In 1633 Galileo and the Catholic Church came into conflict over whether the Sun orbited the Earth, or visa-versa. It took a great deal of time, but finally (in 1992) the Church agreed that it had unduly transposed a question of factual observation into the realm of faith.

Charles Darwin's theories about evolution were not published until 1859, so it is not surprising that various religions are having problems dealing with the factual observations of Darwin that conflict with their religious teachings. The origin of life is a much more profound issue than the issue that Galileo was dealing with. The idea that "Life's origin doesn't require a God" is difficult to accept even for those who don't believe that the Scriptures are the literal words of God.

What people must know is that Darwin's theory does hold up under scrutiny. The theory of evolution can be tested, and it has been repeatedly tested as is recounted in Carl Zimmer's Discover article: Testing Darwin. Factual observations demonstrate that evolution can work, and factual observations indicate that life forms on Earth have evolved from common ancestors.

Saturday, December 25, 2004

Let's build some more pyramids

Harvard archeologist Mark Lehner believes that the pyramids built Egypt.
I'd like to make a much less supportable claim... Finishing the pyramids doomed Egypt.

Many civilizations built pyramids. From Egypt to the Far East to Meso-America and the Mississippi Valley, untold workers labored for generations to errect huge mounds of earth and stone. Curiously, all of the civilizations that contructed these pyramids fell apart.

So what happened?

Rather then bothering with facts, I'd like to offer a pure conjecture… These civilizations failed because they finished their pyramids.
Conventional wisdom tells us that pyramids were built for the glorification of a ruler or a god. My bet is that we've missed the essential motivation for building pyramids. Pyramids were constructed to employ excess population.

Put yourself in Pharaoh’s sandals back around 5000 BC. Times are good. The fields are green, the silos are bursting with grain and all your subjects have full bellies. With plenty to eat, more children survive. The population swells, but the bounty from the fields keeps famine at bay. The labor of a few easily fills the bellies of many.
Alarmingly, Pharaoh comes to realize that a large proportion of the populace has very little to do. Boredom leads to mischief, particularly among the young, and there are a growing number of bored young folks.
Pharaoh could always start a war to occupy the young, but wars are destructive and risky. A better option is to put the young to work.

The project must be ambitious and perceived to be of great importance, or the young will just shirk their assignments and sneak off to do something socially unacceptable.
Enter the pyramid. It's big, it's bold, and it’s ambitious. The pyramid will consume the labor of an entire generation. Engineering must be mastered to overcome hurdles. Solving logistical nightmares will engage planners for years. Many will develop skills and become great craftsmen. All will have plenty to do, and all can point with pride to the edifice as it rises on the plain (contrary to belief, the pyramids were constructed by free men, not slaves).

To inspire the laborers, Pharaoh tells them that the pyramid is being built for some great purpose. He tells them that this pyramid will insure his ascension as a god. Once immortal, Pharaoh will care for them and their descendants forever.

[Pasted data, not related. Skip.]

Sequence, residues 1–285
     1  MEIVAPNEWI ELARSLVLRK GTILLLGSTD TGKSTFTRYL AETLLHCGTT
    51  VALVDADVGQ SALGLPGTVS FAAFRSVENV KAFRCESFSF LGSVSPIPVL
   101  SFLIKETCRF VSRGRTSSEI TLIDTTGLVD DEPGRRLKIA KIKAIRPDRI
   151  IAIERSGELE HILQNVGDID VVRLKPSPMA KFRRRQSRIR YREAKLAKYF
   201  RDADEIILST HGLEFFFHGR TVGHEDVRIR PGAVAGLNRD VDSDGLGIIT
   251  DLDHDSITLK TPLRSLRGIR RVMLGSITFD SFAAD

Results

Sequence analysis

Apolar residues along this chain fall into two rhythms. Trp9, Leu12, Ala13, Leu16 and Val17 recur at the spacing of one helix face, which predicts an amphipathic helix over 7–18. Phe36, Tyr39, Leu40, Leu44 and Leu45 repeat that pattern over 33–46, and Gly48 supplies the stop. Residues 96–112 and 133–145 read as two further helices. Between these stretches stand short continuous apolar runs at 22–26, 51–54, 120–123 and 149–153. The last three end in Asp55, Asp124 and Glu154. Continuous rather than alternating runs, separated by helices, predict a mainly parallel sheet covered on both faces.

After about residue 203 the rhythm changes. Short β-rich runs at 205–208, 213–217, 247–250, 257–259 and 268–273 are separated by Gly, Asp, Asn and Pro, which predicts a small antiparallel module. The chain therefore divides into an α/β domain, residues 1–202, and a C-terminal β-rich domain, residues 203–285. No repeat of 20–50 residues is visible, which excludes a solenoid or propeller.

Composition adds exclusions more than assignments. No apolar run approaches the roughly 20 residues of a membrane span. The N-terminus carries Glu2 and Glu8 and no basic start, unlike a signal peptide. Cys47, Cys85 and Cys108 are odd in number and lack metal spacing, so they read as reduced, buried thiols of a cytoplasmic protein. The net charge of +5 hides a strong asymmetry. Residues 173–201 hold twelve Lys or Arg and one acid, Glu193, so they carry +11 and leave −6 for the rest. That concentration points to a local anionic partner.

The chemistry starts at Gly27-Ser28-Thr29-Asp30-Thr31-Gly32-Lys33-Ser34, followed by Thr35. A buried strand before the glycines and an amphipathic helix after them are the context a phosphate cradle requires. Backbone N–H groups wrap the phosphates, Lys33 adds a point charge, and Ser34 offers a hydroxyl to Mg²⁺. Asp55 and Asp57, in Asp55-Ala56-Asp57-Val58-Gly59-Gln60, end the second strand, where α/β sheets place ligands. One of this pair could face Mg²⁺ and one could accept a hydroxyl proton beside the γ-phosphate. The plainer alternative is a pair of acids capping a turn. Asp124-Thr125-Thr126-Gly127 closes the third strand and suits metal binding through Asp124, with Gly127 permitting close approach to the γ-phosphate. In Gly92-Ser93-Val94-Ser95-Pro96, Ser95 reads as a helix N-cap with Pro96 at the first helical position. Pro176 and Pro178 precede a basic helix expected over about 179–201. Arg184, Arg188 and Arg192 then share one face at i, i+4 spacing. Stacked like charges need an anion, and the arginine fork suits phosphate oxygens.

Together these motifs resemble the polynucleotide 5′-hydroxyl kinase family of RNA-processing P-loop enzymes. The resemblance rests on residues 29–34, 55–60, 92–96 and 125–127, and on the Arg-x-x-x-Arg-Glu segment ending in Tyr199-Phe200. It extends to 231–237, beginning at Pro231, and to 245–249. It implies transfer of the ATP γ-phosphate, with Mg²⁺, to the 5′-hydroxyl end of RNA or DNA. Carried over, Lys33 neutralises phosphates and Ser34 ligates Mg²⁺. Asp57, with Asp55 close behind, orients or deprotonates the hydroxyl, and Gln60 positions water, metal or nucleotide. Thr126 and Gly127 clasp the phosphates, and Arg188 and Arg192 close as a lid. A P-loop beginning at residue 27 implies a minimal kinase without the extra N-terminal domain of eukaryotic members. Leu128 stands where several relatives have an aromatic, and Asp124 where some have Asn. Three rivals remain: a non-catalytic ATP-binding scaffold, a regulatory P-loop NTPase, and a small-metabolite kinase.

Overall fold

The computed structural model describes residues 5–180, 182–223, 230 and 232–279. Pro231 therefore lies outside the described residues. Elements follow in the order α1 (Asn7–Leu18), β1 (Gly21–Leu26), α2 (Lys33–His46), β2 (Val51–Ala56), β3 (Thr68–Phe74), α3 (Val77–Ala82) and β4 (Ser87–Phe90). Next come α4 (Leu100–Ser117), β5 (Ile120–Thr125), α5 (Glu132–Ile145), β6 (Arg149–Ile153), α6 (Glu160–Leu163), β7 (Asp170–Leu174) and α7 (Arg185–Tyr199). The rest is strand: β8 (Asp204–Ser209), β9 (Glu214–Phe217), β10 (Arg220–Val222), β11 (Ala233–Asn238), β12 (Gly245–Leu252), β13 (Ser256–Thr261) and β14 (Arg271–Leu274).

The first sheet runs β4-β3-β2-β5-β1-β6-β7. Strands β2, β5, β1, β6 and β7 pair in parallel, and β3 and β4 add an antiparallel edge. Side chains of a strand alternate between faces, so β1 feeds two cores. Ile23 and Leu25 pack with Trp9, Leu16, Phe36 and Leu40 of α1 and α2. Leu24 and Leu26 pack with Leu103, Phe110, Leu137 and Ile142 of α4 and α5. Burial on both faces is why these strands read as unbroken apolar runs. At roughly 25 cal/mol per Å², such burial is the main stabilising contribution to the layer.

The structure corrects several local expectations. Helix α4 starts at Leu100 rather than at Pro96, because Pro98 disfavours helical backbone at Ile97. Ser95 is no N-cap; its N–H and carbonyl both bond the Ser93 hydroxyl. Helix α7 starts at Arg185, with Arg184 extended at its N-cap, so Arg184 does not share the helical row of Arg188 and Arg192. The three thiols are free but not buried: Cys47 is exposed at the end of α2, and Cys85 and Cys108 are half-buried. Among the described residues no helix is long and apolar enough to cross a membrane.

All of this talk of gods is hogwash, but the clever realize that they will profit during the construction phase and the dull blindly grasp at any straw to give meaning to their lives.

As construction precedes all is well. Society improves from the shared goals and unity of purpose. People can see the fruit of their labor growing before their eyes day after day, year after year.
Finally, after years of effort, the final capstone is levered into place and the great pyramid is complete. Imagine the rejoicing. Imagine the shared feelings of satisfaction and pride. Imagine the parties.

Now imagine the hangover.

For decades folks have been happily chipping away at stones, hauling blocks from the quarry, manhandling slabs into place, and completing thousands of other tasks necessary to raise the great monument.
Now all the tasks are done. Now all the jobs are complete. What next?

In many cases the answer was to build another pyramid. This worked for a while, but eventually the fatal flaw was exposed and the civilization fell into decline.

The flaw was the lie about the pyramid's true purpose.

Completed pyramids do not make rulers into gods. Pyramids do not insure fair weather or guarantee the crops. Pyramids just sit there like the mountains that they imitate.
The pyramid's primary worth was in the act of its construction. The end result serves no concrete purpose. The completed pyramid is like artwork, it stimulates the imagination and pleases the eye, but it doesn't do anything.
Unfortunately, Pharaoh hid from the laborers the pyramid's true value as a public works project. When completed, the pyramid failed to accomplish its religious function, so the laborers rebelled, the rulers fell and the civilization declined.

This same scenario was repeated with minor changes on every habitable continent. Some used stone, some used brick and others used mud. Some used their pyramids as tombs, others as temples. Some built one pyramid after another; others chose to build new layers on the old. All made the same mistake of lying to the laborers.
Building pyramids was a good idea, fabricating their significance was not. The "failure" of the completed pyramids halted further construction. Halting pyramid construction was a disaster since the root cause, excess population, still existed.

Obviously I'm playing fast and loose with the historical record, but the moral of my fabricated history is important.
Massive projects and undertakings can improve society by uniting excess population in a common effort. The danger comes when rulers lie about the project's true motivation.
This lesson is of great importance today. With ever increasing automation fewer and fewer people are needed to provide food and shelter for the rest of us. More and more of us are superfluous, and fewer of us have meaningful jobs.

We long for a pyramid to build. We want to build something we can be proud of.
Our danger is that we could be co-opted by religious or patriotic fervor to work on projects that leave us feeling jaded rather then fulfilled.

We need to let today's Pharaohs know that it's okay to level with us.